The problem was neatly expressed by Ralph Waldo Emerson when he said, “Every artist was first an amateur.” Willingham puts it another way:

Whenever you see an expert doing something differently from the way a non-expert does it, it may well be that the expert used to do it the way the novice does it, and that doing so was a necessary step on the way to expertise.

Experts and novices think in qualitatively different ways. But in order to be an expert, first we have to be a novice. The problem with ‘independent learning’ is that it attempts to short cut this process and assumes that if we get novices to work on the sorts of problems experts work on then they will think like experts. Sadly, this is not the case.
This then is the reason why I think direction instruction and worked examples may be vital. Explaining new concepts clearly provides pupils with the knowledge they need in order to think. You cannot think about something you know nothing about. And the more you know, the more sophisticated your thinking is likely to be. I am able to think deeply about education, but am incapable of thinking about quantum physics because I know nothing about it.
Then, if I want pupils to produce anything of worth, I need to give them access to my expert thought processes. I need to ‘show’ them how I think by talking through an example. If I don’t do this and instead rely on bullet pointed success criteria, then pupils will only have a very vague idea of how to improve. It turns out we don’t learn well from watch experts perform. I used to believe that I could become better at tennis by watching Wimbledon. Frustratingly, it wasn’t until I took some lessons and had an expert coach explain how to stand, how to hold the racket, how to move and, crucially, how to think, that I started to improve.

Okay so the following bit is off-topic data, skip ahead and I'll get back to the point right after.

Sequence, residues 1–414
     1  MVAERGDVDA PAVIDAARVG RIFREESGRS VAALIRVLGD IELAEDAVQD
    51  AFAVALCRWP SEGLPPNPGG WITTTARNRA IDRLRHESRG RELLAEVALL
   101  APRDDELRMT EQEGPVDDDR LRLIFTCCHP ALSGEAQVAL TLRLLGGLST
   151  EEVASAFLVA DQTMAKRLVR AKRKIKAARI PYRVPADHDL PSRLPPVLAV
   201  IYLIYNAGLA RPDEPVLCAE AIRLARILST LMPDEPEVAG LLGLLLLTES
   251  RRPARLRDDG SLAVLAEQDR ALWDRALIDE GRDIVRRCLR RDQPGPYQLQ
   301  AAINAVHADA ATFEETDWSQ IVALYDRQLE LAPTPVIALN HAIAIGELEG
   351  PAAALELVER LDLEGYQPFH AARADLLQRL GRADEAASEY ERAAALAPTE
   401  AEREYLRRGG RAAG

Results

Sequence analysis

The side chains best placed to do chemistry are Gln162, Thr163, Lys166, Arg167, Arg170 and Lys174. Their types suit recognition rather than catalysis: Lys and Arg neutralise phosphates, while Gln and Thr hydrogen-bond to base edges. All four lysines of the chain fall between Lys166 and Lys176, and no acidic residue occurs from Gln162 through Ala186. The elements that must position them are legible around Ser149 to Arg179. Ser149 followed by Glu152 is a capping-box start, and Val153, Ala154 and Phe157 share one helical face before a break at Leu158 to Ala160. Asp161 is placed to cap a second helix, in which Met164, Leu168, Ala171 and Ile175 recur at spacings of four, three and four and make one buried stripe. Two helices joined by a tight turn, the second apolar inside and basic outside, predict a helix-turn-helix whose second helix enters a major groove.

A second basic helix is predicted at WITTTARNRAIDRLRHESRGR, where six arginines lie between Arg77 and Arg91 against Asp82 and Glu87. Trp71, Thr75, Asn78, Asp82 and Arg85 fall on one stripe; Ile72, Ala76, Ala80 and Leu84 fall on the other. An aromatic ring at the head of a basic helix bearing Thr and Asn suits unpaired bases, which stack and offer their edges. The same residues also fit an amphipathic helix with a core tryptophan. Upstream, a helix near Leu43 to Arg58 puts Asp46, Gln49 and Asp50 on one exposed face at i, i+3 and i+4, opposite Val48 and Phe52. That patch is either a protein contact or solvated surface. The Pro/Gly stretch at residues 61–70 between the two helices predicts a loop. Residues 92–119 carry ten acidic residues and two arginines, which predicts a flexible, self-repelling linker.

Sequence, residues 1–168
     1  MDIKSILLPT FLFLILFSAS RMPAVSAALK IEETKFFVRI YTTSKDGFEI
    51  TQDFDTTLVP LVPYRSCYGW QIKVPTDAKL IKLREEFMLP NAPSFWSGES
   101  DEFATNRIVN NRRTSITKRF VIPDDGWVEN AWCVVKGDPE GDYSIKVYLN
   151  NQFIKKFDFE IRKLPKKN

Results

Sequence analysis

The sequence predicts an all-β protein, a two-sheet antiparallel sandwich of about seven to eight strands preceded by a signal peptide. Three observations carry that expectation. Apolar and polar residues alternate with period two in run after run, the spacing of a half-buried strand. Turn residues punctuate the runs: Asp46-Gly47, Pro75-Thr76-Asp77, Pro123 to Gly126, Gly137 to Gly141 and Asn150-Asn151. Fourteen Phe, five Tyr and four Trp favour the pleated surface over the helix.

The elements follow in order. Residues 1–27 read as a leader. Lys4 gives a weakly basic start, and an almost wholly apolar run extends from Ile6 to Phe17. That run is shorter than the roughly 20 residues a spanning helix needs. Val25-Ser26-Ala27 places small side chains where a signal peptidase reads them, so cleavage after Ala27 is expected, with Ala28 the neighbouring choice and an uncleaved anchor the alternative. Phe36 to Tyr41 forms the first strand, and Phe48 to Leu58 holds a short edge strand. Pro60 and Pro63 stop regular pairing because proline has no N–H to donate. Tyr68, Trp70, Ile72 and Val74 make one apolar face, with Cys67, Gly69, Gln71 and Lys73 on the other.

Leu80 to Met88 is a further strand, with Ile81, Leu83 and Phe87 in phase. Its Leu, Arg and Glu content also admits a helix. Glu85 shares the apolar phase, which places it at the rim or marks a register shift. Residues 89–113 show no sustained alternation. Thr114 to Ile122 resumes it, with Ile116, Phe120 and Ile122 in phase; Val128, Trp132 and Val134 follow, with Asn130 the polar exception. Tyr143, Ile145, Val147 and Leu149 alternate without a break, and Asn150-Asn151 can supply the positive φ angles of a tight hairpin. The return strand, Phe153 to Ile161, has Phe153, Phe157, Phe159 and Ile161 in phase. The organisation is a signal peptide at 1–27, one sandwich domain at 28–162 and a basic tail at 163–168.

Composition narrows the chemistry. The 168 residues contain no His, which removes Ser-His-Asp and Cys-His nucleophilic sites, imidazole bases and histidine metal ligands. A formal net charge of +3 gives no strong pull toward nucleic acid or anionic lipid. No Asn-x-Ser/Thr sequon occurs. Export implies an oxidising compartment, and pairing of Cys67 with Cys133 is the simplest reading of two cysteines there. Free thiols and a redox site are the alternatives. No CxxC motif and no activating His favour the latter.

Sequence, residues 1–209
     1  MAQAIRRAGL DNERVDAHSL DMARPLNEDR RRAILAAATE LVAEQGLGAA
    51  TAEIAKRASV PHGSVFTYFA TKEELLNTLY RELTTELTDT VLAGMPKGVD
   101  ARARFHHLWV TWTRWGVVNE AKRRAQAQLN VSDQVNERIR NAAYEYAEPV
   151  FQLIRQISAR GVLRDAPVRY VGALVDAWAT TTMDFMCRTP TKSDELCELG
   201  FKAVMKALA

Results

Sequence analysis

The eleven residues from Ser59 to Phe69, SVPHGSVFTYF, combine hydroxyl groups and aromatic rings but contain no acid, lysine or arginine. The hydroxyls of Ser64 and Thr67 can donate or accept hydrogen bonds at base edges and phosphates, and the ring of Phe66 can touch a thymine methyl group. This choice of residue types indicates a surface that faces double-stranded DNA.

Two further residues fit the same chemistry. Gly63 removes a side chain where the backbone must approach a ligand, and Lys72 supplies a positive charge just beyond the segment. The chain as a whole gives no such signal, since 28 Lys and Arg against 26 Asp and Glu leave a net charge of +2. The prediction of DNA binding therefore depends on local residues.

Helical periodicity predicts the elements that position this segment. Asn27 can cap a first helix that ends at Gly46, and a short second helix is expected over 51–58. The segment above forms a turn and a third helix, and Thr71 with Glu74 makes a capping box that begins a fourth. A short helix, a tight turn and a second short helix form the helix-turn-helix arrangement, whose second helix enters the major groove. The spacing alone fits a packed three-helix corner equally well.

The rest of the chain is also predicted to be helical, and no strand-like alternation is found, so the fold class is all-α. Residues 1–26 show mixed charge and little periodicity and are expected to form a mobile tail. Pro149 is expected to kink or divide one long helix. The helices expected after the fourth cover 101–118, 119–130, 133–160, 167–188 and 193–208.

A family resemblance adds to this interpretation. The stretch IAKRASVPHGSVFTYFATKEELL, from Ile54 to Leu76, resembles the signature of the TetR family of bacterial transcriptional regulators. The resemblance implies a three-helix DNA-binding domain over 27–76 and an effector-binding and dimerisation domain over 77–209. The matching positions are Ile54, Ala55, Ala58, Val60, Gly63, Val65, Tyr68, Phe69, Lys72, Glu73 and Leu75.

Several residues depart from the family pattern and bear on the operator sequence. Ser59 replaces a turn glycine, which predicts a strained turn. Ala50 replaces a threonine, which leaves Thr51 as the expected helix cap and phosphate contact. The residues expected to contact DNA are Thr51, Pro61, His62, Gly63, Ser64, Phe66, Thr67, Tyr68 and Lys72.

So, the Explain and Model stages of the teaching sequence are about providing the material we want our pupils to think about and reducing the quantity of information they are required to hold in working memory by providing them with the knowledge they haven’t yet gotten around to storing in long-term memory. This allows them to concentrate on thinking rather than on remembering. The Scaffold stage is where pupils can be asked to think in increasingly challenging circumstances: the scaffolding we provide should allow pupils to think about things which seem impossible; it should seek to make the impossible possible. And then pupils are ready to Practise by tackling problems of increasing complexity in an effort to move them from competence to mastery. If we’re content with mere competence, we’re unlikely to get to the point where our understanding of complex concepts can be drawn into working memory as complete chunks whenever needed. The changes that will have taken place in long-term memory must be practised in order for pupils to be truly independent.
The first two stages are about freeing up working memory to allow students to think and therefore remember and the final two stages are to provide support and opportunity to ensure that thinking becomes increasing less dependent on the teacher.
I hope this clarification is helpful. If you’re interested, the following series of posts might help to explain in further detail:
Independence vs independent learning 
Great teaching happens in cycles 
Stage 1: Explain 
Stage 2: Model 
Stage 3: Scaffold 
Stage 4: Practise